*The American Heart Association, the world’s leading voluntary organization dedicated to building healthier lives, free of cardiovascular diseases and stroke, is seeking startup companies, teams, individuals and nonprofit organizations to compete in the EmPOWERED To Serve (TM) urban business storytelling competition.
The goal of the competition is to identify fresh ideas and innovative, yet practical solutions that can be activated in communities to remove barriers to improved health and wellbeing. Winning submissions will receive financial awards for the purpose of activating the ideas and solutions.
According to the Association, individual behaviors aren’t the only factors that affect health. Community environments play a determining role in health outcomes. People living just five miles apart can have a difference in life expectancy of more than 20 years. That’s why the Association is working from within communities and joining with partners to address key factors that impact health: economic stability, education, societal influences, neighborhoods, and health care. The EmPOWERED To Serve urban business storytelling competition is an opportunity for companies, organizations and individuals to help influence and drive community change.
“As an Association, we know that to affect meaningful change in the communities we serve, we must tap into and value their knowledge and experiences. We know that innovation is fueled by diversity and inclusion. We are looking to learn from and collaborate with organizations with innovative and creative solutions to address the social determinants of health.
This is an important strategy for developing solutions to ensure that everyone has the same opportunity, regardless of circumstances, to be healthy and well,” says Tanya M. Odom, Ed.M., Global Diversity and Inclusion, education consultant, and chair of the American Heart Association’s Diversity Leadership Committee.
Through the competition website, applicants must submit a business model before 11:59 P.M. (EST) Tuesday, September 5. The entry must address a social factor that impacts a community’s ability to achieve equitable health and well-being.
To be considered for the competition, business models must target the needs of a specific community listed on the competition website, or entrants may identify a different community.
The top 10 entries will receive an opportunity to display and present their business models at the Association’s EmPOWERED To Serve Summit on Tuesday, October 17 at Gallaudet University in Washington, D.C. In preparation for the presentation, competitors will receive business storytelling training through Entre-SLAM. A panel of judges will choose the top three entries, who will win money to activate their plans:
* First place: $30,000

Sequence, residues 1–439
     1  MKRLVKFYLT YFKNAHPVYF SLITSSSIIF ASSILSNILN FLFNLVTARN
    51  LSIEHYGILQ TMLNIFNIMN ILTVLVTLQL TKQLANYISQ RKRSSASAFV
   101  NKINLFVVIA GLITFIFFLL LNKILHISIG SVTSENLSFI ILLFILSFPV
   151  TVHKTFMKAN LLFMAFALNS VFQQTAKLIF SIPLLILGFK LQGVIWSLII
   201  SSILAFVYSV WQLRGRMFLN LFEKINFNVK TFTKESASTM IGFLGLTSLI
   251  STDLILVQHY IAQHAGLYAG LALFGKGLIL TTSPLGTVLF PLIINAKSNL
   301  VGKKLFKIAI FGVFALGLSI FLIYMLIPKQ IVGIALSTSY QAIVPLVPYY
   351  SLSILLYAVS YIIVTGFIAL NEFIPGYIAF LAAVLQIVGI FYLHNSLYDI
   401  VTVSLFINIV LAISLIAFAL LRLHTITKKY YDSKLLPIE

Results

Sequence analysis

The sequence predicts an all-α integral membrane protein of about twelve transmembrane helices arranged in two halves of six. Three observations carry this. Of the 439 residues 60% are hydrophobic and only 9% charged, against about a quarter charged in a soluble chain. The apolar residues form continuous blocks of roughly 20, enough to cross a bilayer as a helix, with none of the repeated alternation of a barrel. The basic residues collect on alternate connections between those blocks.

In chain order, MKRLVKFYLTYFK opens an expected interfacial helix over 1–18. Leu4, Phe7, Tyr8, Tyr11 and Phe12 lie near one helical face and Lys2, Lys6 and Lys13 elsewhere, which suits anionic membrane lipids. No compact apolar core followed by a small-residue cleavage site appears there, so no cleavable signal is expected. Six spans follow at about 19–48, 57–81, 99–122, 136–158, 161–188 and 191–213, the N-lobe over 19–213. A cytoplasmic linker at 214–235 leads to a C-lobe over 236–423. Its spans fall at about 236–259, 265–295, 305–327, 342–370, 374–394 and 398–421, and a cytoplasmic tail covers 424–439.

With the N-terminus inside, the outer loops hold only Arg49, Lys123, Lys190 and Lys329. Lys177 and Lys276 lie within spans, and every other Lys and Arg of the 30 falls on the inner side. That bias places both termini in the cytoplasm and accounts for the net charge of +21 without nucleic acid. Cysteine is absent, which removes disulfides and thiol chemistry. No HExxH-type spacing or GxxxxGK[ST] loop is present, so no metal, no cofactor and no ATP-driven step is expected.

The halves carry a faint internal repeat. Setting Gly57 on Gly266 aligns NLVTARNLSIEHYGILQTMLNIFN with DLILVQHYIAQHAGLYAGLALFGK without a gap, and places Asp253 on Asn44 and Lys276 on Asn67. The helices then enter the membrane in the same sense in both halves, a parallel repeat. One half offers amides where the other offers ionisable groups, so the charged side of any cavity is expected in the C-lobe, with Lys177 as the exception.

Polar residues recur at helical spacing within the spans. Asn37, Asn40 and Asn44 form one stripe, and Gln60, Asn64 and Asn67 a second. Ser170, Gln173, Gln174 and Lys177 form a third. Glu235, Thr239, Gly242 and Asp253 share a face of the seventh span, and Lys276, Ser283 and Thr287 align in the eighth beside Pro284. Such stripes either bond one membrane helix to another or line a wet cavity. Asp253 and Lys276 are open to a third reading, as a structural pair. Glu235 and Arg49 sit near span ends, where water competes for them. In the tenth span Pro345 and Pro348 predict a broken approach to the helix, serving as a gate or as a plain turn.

* Second place: $20,000
* Third place: $10,000
The three winners will also have the opportunity to partner with a local American Heart Association office, based on the community focus of their plans, for assistance in implementing their concept.
The EmPOWERED To Serve urban business storytelling competition is a part of the Association’s EmPOWERED To Serve movement, which improves the health and well-being of multicultural communities. Competitors may join the competition here. For more information about EmPOWERED To Serve, visit www.empoweredtoserve.org.
About the American Heart Association
The American Heart Association is devoted to saving people from heart disease and stroke – the two leading causes of death in the world. We team with millions of volunteers to fund innovative research, fight for stronger public health policies and provide lifesaving tools and information to prevent and treat these diseases.
The Dallas-based association is the nation’s oldest and largest voluntary organization dedicated to fighting heart disease and stroke. To learn more or to get involved, call 1-800-AHA-USA1, visit heart.org or call any of our offices around the country. Follow us on Facebook and Twitter.
About the American Stroke Association
The American Stroke Association is devoted to saving people from stroke – the No. 2 cause of death in the world and a leading cause of serious disability. We team with millions of volunteers to fund innovative research, fight for stronger public health policies and provide lifesaving tools and information to prevent and treat stroke.
The Dallas-based association officially launched in 1998 as a division of the American Heart Association. To learn more or to get involved, call 1-888-4STROKE or visit StrokeAssociation.org. Follow them on Facebook and Twitter.
The American Heart Association/American Stroke Association receives funding mostly from individuals. Foundations and corporations donate as well, and fund specific programs and events. Strict policies are enforced to prevent these relationships from influencing the Association’s science content. Financial information for the American Heart Association, including a list of contributions from pharmaceutical companies and device manufacturers, is available at www.heart.org/corporatefunding
Stephanie M. Brown